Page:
The menu at Caliu is not extensive, but many of the basics and traditional dishes are executed well.  The prices, however, are a bit expensive for what you receive.  It can be difficult to find well-executed traditional tapas in NYC, but Caliu has done a very good job.

Filloas: Spanish Sweets 101

Food is a quintessential part of any celebration, and Carnival is no exception.  Filloas are typically prepared in Galicia around Carnival, although when I was in A Coruna for a fiesta this past summer, there was a vendor making these delicious crepes on a hot stone. (This was actually my first time trying filloas!)  Just in time for Mardi Gras, I’ll give you the background story on filloas and share a recipe; the custard filling is an extra treat!

Filloas seem like a fancy name for crepes, right?  Filloas are made with flour and water, no butter.  Crepes are usually made on a flat hot plate, but in Galicia you will sometimes see a certain tool, called a parrumeira, which aids in filloas making.  (If Williams Sonoma ever starts selling these, let me know, but I won’t hold my breath.)  There are some areas of Galicia that actually maintain the Celtic tradition of using an actual heated stone, rather than an iron or plate, to make filloas.  If you’re like me, and not fortunate enough to have a hot plate or parrumeira at home, a skillet and good wrist technique will work just fine.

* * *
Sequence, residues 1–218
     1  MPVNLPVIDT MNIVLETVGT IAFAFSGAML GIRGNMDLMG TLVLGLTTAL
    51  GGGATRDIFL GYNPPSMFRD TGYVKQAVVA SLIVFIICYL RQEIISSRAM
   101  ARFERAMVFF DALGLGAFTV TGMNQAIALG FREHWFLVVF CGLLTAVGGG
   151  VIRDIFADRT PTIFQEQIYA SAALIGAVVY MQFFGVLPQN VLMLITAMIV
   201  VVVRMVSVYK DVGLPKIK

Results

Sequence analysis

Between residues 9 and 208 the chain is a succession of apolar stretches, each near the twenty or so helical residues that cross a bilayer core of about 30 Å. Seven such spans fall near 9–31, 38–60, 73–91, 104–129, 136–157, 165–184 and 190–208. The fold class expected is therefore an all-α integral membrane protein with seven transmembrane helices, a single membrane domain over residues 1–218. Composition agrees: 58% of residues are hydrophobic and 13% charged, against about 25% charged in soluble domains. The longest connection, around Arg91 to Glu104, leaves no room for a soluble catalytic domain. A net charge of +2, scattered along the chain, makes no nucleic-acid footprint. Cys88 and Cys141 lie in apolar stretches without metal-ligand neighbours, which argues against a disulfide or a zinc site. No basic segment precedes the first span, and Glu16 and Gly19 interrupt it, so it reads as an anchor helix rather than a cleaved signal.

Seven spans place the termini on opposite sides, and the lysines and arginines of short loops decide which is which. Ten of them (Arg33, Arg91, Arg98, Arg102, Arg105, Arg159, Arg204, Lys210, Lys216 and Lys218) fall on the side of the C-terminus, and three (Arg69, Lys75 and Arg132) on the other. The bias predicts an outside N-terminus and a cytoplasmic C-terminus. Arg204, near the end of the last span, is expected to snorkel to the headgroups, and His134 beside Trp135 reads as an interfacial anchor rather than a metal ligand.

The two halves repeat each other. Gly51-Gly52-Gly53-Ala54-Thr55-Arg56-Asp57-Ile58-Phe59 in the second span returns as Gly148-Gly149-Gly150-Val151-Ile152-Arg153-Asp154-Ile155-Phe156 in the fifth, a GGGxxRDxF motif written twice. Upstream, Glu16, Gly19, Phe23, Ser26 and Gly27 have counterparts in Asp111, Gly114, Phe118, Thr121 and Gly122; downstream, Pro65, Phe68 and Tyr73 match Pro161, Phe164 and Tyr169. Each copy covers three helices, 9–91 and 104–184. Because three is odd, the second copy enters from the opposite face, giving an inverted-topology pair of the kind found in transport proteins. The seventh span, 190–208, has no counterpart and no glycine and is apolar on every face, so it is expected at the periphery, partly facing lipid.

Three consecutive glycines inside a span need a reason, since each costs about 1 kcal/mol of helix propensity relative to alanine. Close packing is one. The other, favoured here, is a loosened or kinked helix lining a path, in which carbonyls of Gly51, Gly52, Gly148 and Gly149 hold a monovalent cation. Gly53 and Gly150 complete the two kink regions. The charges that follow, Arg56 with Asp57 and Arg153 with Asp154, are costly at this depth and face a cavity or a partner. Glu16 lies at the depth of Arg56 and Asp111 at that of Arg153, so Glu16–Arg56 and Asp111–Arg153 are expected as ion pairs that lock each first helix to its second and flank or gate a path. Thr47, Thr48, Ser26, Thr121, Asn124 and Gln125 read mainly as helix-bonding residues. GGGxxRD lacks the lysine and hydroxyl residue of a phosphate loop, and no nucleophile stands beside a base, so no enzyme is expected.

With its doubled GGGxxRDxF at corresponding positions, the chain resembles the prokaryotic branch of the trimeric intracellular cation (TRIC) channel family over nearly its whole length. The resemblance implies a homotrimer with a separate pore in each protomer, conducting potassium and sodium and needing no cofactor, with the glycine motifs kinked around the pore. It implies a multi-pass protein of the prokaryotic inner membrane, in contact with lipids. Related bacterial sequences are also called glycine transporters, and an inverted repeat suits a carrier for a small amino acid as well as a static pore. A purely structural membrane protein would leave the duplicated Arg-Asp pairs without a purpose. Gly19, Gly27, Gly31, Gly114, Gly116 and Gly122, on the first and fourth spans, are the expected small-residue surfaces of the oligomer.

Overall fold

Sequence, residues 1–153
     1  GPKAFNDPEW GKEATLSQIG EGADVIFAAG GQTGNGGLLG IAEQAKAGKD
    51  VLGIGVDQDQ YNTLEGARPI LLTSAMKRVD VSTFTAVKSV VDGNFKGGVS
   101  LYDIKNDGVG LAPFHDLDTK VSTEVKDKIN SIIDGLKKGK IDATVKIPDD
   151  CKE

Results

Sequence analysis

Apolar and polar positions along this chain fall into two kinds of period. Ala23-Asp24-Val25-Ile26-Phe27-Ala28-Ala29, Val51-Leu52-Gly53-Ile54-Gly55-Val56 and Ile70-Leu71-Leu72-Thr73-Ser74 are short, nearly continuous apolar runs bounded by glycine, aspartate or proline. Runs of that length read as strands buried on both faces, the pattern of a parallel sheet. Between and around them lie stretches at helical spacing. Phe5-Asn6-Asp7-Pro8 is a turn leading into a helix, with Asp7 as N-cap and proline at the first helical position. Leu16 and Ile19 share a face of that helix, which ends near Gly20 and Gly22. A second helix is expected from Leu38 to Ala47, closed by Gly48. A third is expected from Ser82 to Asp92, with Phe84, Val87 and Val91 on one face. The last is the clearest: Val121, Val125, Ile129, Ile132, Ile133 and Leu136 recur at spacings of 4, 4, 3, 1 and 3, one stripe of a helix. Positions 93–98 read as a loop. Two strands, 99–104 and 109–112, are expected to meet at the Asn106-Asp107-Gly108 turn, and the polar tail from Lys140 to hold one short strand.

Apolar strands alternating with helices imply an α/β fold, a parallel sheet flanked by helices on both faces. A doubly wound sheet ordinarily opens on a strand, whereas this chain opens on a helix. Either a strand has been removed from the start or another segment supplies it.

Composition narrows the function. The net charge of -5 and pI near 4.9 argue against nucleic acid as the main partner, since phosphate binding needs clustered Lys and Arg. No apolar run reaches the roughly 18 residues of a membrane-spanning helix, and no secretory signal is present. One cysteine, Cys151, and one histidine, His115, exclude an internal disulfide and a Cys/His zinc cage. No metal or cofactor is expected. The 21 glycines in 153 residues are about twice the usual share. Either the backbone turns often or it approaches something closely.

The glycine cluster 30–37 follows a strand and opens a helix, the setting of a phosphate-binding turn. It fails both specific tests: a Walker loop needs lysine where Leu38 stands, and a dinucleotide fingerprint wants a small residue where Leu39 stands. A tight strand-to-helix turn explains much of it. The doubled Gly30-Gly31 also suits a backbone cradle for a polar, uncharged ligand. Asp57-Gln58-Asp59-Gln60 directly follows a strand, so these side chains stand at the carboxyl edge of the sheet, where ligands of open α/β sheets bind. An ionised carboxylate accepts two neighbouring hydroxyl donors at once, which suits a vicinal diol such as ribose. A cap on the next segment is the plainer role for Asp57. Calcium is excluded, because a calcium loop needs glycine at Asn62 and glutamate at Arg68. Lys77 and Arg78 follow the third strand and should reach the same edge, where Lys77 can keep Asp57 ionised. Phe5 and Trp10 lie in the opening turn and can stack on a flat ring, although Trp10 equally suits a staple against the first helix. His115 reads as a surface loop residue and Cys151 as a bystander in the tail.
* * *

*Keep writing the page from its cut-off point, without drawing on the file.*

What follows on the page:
Filloas have quite the history; evidence of this treat goes back as far as the Roman Empire.  The Romans used flour, honey, milk, spices, and eggs, which are still some of the most common ingredients used today.  As the Romans conquered most of Europe, they took their food with them.  The Romans pushed tribes, such as the Celts, into smaller and smaller territories.  Some of the Celts eventually settled in Northern Spain and Portugal and incorporated their traditions (i.e., cooking on granite).